If you’re living outside of the U.S. when your I-140 is approved, USCIS will transfer your case to the Department of State’s National Visa Center for pre-processing. Then, you’ll submit the DS-260 (Immigrant Visa Electronic Application), which costs $345, at your country’s U.S. Embassy or consulate to start consular processing. From there, you’ll attend a biometrics appointment, an immigrant medical exam, and a visa interview. Once your application is approved, you’ll receive a green card and officially be a lawful permanent resident of the United States. 

Benefits of the EB-1A Green Card 

Aside from the most obvious benefit of the EB-1A, which is being granted a green card, this  green card pathway has several other perks: 

  • You don’t have to rely on an employer to sponsor you to work in the United States because this is a self-petition green card. Finding the right employer to petition you can be a stressful, time-consuming process, and the self-petitioning process eliminates that entirely. 
  • Because the EB-1A visa doesn’t require an employer to sponsor you, you have more flexibility in your job options in the United States. Of course, you’ll need to continue working in your field, but you will not be tied to a specific job like other employment-based green cards require. 
  • Once you’re granted the EB-1A green card, you can petition your spouse and children younger than 21 for E-14 or E-15 immigrant status so they can live, work, and study in the United States. 

Should I work with a business immigration attorney? 

Even though the EB-1A is a self-petition green card, it can also be stressful to tackle the filing process on your own. Working with an experienced business immigration attorney, like Eagan’s Senior Business Attorney Hannah Whaley, can alleviate a lot of the stress you might face during the filing process. Attorney Whaley can determine if you fulfill USCIS’ requirements for extraordinary ability, help you gather the required evidence, and make creative arguments to prove that you will continue to work in the U.S. and that your work will substantially benefit the country. Attorney Whaley can also keep you up to date on the filing process and what the next steps are.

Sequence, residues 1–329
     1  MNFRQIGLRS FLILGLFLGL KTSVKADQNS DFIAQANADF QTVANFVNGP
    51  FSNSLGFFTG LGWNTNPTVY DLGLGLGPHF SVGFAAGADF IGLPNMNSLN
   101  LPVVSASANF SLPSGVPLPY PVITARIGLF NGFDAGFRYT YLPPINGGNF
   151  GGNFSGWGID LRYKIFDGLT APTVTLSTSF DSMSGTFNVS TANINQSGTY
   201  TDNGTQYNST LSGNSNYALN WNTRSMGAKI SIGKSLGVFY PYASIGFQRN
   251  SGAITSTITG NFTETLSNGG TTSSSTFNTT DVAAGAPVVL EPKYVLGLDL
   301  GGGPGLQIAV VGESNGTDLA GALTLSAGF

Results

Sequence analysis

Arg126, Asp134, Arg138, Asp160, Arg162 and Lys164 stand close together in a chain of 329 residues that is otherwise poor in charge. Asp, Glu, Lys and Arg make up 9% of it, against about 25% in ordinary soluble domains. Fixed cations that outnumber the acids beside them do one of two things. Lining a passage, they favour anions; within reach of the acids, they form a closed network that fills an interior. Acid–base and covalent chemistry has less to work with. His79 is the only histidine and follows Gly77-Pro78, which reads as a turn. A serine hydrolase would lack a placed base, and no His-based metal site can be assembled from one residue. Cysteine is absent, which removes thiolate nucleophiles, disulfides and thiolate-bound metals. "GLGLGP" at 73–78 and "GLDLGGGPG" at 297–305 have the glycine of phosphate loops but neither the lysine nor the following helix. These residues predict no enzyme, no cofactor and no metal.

Eagan Immigration is here to help you establish your future here in the United States. 

If you’re interested in the EB-1A visa, contact Attorney Whaley today by calling our office at (202) 709-6439 or clickingthis link. 


Policy Manual: Chapter 2 – Extraordinary Ability, USCIS, (Apr. 10, 2024), Chapter 2 – Extraordinary Ability | USCIS, (last visited: Apr. 11, 2024). 

Employment-Based Immigration: First Preference EB-1, USCIS, (Mar. 1, 2022), Employment-Based Immigration: First Preference EB-1 | USCIS, (last visited: Apr. 11, 2024). 

Webinar: Self-Petition Options for U.S. Work Visas, Eagan Immigration, (Mar. 28, 2024), Webinar: Self-Petition Options for U.S. Work Visas (youtube.com) 

How can I prove that my work will “prospectively benefit substantially the U.S.”? Do I quality for the EB-1A visa? Scott Legal, P.C., (Apr. 8, 2020), Qualifying and Understanding EB-1A Visa | Scott Legal, P.C. (legalservicesincorporated.com). 

Matter of Price, U.S. Department of Justice, (Dec. 29, 1994), Matter of Price (justice.gov). 

Victoria Chen, Esq., J.D.,  Case Study: EB1-A Appeal of a Master Chef is Sustained and Petitioned is Approved by the AAO, Chen Immigration Blog, (Dec. 30, 2011), Case Study: EB1-A Appeal of a Master Chef is Sustained and Petition is Approved by the AAO. | Chen Immigration Blog (wegreened.com) 

Victoria Chef, Esq. J.D., Case Study: AAO Sustained an EB-1A Appeal of Petition of Behalf of an Inventor, Chen Immigration Blog, (Dec. 31, 2011), Case Study: AAO Sustained an EB1-A Appeal of Petition on Behalf of an Inventor | Chen Immigration Blog (wegreened.com). 

G-1055, Fee Schedule: I-140, Immigrant Petition for Alien Workers, USCIS, (last updated: Apr. 1, 2024), Fee Schedule | USCIS, (last visited: Apr. 11, 2024). 

Processing Times, USCIS, Processing Times (uscis.gov), (last visited: Apr. 15, 2024). 

G-1055, Fee Schedule: I-907 Request for Premium Processing, USCIS, (last updated: Apr. 1, 2024), Fee Schedule | USCIS, (last visited: Apr. 11, 2024). 

G-1055, Fee Schedule: I-485, Application to Register Permanent Residence or Adjust Status, USCIS, (last updated: Apr. 1, 2024), Fee Schedule | USCIS, (last visited: Apr. 11, 2024). 

Fees for Visa Services, U.S. Department of State – Bureau of Consular Affairs, Fees for Visa Services (state.gov), (last visited: Apr. 16, 2024).